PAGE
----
Linked to the principle of a fairer distribution and better targeting of funds is the proposal for “capping & degressivity”, to reduce the Basic Payment Scheme for the largest, most competitive farms. The Commission wants a compulsory reduction to apply to the Basic Payment on individual farms above €150 000, with a sliding scale leading ultimately to a cap at €300 000 (taking labour costs into account) (NB This does not apply to the greening payment.) Funds generated would be shifted to Rural Development projects in the same region/Member States.

Additional elements to better target support - including young farmers measures, support to active farmers, and the small farmers scheme – have been widely backed by the three sides during the negotiations. The Commission is particularly keen to make a 25% top-up of Direct Payments for young farmers mandatory in order to send an important signal about generational renewal.

While the significant and symbolic new principle of Greening - paying farmers for the provision of environmental public goods - is accepted, many of the details for efficient greening instruments still need to be agreed. A lot of work has gone into preparing the concept of "Greening Equivalency" so that the good work already being done by many farmers can be taken into account, above all in a way that does not dilute the real impact of Greening. There is also a link here with agri-environment schemes to ensure that there is no "double funding". The European Commission will be vigilant to ensure that the greening sanctions regime is a real deterrent in case of non-compliance.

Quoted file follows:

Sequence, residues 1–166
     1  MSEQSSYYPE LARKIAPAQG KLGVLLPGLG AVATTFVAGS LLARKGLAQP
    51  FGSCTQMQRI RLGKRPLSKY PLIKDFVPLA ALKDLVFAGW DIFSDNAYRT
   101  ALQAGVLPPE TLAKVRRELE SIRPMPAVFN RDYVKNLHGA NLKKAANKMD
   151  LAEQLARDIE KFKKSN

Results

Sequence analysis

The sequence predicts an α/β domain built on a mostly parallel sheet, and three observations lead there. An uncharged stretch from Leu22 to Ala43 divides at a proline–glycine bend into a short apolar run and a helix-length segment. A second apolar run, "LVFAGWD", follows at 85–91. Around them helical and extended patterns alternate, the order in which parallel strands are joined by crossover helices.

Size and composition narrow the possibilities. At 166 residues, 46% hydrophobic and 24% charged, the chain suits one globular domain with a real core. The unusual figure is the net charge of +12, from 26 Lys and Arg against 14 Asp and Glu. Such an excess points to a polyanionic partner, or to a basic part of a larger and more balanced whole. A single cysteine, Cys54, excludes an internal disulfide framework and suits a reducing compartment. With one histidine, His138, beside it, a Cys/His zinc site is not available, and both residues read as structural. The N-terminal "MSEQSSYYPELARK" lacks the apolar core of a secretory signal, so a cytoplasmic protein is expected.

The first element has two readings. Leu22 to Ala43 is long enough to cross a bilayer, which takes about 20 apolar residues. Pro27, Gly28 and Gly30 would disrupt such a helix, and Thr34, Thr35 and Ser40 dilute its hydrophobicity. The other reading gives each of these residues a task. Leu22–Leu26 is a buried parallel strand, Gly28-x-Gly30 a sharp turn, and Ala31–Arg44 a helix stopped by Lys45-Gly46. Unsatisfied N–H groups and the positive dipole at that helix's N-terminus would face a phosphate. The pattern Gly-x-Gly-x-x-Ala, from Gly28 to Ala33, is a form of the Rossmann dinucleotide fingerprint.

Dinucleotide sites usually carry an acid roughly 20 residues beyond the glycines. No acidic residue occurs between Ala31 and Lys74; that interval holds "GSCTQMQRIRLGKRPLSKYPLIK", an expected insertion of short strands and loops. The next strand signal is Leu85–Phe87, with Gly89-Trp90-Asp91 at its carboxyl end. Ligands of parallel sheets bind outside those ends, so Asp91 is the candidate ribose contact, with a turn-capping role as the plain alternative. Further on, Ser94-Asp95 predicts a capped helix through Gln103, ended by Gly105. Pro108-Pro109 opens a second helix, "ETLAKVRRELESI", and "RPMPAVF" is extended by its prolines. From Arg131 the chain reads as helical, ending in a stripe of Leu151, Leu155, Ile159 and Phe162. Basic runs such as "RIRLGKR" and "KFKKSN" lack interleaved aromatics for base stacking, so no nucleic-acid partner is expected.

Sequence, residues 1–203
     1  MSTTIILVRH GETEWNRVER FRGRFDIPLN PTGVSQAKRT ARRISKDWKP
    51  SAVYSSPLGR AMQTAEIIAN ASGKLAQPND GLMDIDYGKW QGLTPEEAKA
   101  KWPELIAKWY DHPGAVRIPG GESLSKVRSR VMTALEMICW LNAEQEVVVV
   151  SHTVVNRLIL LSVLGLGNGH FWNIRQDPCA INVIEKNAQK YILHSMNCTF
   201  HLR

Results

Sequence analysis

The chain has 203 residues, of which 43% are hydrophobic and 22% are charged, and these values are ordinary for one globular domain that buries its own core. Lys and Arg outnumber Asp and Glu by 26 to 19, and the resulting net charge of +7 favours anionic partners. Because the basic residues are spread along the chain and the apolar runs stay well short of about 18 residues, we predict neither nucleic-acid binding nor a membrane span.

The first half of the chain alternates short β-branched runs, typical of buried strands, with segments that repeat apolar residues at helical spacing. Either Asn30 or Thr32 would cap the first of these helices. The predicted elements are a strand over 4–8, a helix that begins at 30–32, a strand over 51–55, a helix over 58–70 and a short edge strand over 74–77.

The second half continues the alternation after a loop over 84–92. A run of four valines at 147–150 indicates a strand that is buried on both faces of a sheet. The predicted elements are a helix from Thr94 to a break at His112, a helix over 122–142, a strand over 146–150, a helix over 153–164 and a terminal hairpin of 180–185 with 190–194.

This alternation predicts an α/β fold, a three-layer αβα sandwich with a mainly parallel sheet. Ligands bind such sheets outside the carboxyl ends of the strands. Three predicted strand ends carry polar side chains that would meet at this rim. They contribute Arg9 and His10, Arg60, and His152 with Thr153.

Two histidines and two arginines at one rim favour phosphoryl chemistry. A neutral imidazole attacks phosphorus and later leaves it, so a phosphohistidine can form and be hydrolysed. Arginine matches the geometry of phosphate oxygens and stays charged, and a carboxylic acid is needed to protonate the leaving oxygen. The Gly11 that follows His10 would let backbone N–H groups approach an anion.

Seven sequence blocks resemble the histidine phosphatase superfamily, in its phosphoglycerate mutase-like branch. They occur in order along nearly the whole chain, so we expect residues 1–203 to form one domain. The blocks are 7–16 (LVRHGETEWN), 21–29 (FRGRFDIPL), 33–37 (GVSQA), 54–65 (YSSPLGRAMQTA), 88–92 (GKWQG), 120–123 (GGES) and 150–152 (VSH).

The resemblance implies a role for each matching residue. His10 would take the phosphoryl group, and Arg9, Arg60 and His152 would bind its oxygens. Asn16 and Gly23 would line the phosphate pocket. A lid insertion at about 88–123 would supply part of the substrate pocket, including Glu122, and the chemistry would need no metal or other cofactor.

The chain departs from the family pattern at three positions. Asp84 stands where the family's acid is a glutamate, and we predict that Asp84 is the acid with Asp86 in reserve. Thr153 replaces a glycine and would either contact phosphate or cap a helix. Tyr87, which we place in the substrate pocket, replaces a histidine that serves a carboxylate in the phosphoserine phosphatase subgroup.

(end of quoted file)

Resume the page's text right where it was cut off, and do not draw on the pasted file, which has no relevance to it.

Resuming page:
Most of the changes to Rural Development rules have been more or less concluded – such as new options to encourage innovation and to bring farmers & researchers closer together (through European Innovation Partnerships); and to encourage producers' organisations, interbranch associations and short supply chains to improve the competitiveness of these sectors and provide added value for farmers. The main issue remaining here is the new rules for areas with natural constraints – a modernisation and better targeting of the current system of less-favoured areas.

For market measures, moves to increase market orientation include an end to the sugar quota regime (the remaining questions are about when and under what conditions) and a likely modernisation of rules for new vine planting. At the same time, a new market crisis reserve is set to be introduced to respond to unforeseen market disturbances, such as the 2011 e-coli-related problems for fresh vegetables.

Among the issues in the horizontal regulation are new moves to increase the transparency of payments made to CAP beneficiaries, which has broad support across the institutions, and to update and improve various administration and control rules

It will also be important to clarify certain issues of delegated and implementing acts in future as part of the Lisbon-alignment of CAP rules to the comitology rules set out in the Lisbon Treaty.